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DOI

10.22543/7674.61.P3140

Abstract

Oncogenesis is an extremely complex phenomenon. The mechanisms by which cancer is induced is only partially known. Consequently, therapeutic targets may be uncertain and results are often unsatisfactory. The purpose of this paper is to develop a trans-level and multiple transdisciplinary perspective describing the kaleidoscopic reality of oncogenesis. This manner of understanding oncogenesis as a complex process characterized by a non-linear dynamic, far from equilibrium and with unpredictable evolution, transcends the classical perspective and requires a paradigm shift. This approach is also facilitated by recent studies that focus on group phenomena, with emerging behaviors in a continuous phase transition. Biological systems, and obviously the human organism, express this type of behavior with critical self-organizing valences in the context of a genome - mesotope (environment) - phenotype interaction. For example, nature has transposed in the ecosystem, among other things, the performance pattern of its mineral history represented by the dynamic energy-matter-information unit (the principle of invariance). And multi-cell biological systems in the phylogenetic tree crown have multiple directed aerobic metabolisms in accordance with specific functions. Cancers, in turn, have a hybrid (anaerobic and aerobic) and unidirectional metabolism whose only and ultimate reason is the survival of the malignant cell. Understanding the transdisciplinary reality of oncogenesis offers novel development paths for new therapeutic strategies compared to current ones which have relatively limited efficiency.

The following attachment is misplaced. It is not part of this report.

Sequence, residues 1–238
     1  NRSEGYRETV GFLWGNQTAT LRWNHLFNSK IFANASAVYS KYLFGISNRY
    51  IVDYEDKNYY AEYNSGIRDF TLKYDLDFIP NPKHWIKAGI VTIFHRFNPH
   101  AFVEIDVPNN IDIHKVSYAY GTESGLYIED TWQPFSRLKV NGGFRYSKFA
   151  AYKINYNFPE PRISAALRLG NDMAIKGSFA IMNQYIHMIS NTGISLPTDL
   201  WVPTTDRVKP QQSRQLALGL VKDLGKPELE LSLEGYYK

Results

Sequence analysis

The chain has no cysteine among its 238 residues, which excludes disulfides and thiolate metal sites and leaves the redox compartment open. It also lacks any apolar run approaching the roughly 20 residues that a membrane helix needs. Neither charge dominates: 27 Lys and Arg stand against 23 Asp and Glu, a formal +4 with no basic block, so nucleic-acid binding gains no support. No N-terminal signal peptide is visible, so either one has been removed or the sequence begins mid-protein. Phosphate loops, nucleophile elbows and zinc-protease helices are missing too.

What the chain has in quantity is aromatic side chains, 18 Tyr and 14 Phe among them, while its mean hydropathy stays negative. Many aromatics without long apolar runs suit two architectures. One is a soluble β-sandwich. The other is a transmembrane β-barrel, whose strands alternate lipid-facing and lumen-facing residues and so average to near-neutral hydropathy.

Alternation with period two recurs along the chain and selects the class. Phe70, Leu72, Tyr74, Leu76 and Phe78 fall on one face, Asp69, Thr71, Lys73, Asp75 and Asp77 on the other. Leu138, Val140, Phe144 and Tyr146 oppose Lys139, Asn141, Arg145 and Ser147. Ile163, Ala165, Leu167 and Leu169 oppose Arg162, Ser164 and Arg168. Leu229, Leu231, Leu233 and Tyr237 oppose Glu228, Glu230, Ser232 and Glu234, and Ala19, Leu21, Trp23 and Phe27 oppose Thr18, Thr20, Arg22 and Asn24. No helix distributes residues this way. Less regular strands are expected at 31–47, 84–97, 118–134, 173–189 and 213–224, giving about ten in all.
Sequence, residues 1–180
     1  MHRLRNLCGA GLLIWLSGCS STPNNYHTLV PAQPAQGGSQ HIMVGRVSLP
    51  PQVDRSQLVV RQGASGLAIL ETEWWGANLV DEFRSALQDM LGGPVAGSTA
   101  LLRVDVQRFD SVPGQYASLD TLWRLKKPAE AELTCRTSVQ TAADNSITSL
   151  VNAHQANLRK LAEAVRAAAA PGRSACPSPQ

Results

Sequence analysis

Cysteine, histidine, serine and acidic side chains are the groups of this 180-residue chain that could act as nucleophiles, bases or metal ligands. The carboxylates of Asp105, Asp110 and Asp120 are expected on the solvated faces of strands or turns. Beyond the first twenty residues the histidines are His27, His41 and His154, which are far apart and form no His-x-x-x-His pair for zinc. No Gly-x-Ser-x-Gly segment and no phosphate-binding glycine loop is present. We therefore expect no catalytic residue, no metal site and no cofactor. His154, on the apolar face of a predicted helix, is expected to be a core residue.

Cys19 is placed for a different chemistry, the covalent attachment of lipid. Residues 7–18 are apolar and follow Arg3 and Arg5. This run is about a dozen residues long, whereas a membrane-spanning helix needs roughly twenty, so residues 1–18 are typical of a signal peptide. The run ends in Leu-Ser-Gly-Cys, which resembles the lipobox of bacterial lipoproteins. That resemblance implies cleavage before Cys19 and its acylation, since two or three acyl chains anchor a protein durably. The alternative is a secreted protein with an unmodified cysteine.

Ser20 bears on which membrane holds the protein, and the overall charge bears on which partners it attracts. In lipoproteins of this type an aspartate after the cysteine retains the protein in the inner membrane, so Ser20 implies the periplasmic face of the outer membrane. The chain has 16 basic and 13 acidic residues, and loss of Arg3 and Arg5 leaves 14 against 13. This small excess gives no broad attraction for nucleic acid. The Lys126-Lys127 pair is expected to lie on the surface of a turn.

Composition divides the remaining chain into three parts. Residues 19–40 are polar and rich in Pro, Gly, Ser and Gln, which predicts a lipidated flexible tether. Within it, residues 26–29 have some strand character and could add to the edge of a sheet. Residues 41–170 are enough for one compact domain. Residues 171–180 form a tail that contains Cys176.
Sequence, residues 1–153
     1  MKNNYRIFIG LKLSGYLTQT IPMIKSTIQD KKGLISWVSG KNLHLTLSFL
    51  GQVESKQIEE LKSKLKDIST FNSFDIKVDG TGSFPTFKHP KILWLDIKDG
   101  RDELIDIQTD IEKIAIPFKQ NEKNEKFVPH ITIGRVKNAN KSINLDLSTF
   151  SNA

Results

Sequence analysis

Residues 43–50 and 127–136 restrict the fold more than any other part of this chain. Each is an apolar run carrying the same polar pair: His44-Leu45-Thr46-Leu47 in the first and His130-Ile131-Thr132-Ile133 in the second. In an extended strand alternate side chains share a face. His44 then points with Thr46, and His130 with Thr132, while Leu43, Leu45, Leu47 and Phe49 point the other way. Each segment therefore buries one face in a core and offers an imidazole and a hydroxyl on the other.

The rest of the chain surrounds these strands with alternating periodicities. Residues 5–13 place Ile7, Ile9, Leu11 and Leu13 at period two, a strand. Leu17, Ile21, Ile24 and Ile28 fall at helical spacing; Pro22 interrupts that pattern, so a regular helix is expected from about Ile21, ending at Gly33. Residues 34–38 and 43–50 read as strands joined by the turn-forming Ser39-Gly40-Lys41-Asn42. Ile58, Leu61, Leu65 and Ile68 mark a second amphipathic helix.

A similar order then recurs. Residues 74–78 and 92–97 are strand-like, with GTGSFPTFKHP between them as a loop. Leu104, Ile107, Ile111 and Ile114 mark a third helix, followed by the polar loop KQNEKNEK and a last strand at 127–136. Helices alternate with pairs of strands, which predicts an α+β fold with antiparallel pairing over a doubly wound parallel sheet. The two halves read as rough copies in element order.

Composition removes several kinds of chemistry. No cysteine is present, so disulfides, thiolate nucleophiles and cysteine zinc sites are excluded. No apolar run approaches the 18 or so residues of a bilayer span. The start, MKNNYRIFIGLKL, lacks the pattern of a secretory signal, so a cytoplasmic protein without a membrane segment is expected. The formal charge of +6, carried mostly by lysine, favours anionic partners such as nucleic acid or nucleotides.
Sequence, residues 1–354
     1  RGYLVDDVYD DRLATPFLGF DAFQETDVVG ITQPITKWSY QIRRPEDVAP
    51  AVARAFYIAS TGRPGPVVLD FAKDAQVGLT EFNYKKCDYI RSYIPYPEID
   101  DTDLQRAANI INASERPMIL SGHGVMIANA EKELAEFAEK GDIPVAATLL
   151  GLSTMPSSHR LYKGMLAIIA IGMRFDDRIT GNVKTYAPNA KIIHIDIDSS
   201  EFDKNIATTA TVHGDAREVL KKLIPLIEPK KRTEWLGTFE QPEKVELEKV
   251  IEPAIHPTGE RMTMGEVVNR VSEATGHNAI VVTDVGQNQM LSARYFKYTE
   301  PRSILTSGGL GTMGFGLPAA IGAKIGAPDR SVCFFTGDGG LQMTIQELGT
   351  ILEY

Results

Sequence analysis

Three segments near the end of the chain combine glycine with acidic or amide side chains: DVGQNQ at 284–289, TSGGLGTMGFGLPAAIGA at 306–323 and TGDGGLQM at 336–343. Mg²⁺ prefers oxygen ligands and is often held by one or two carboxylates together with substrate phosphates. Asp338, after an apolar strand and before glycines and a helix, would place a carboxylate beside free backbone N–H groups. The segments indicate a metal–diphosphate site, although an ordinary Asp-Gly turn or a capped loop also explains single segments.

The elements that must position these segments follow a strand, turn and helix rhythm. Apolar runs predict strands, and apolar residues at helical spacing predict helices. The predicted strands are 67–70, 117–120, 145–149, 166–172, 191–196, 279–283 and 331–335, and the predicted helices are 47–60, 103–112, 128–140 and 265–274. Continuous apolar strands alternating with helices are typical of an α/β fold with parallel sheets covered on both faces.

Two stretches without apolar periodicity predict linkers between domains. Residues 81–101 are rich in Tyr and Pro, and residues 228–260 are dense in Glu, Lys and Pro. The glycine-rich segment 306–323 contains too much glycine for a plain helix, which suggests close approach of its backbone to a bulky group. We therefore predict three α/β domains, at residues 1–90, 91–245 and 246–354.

Creative Commons License

Creative Commons License
This work is licensed under a Creative Commons Attribution-Noncommercial-No Derivative Works 4.0 License.

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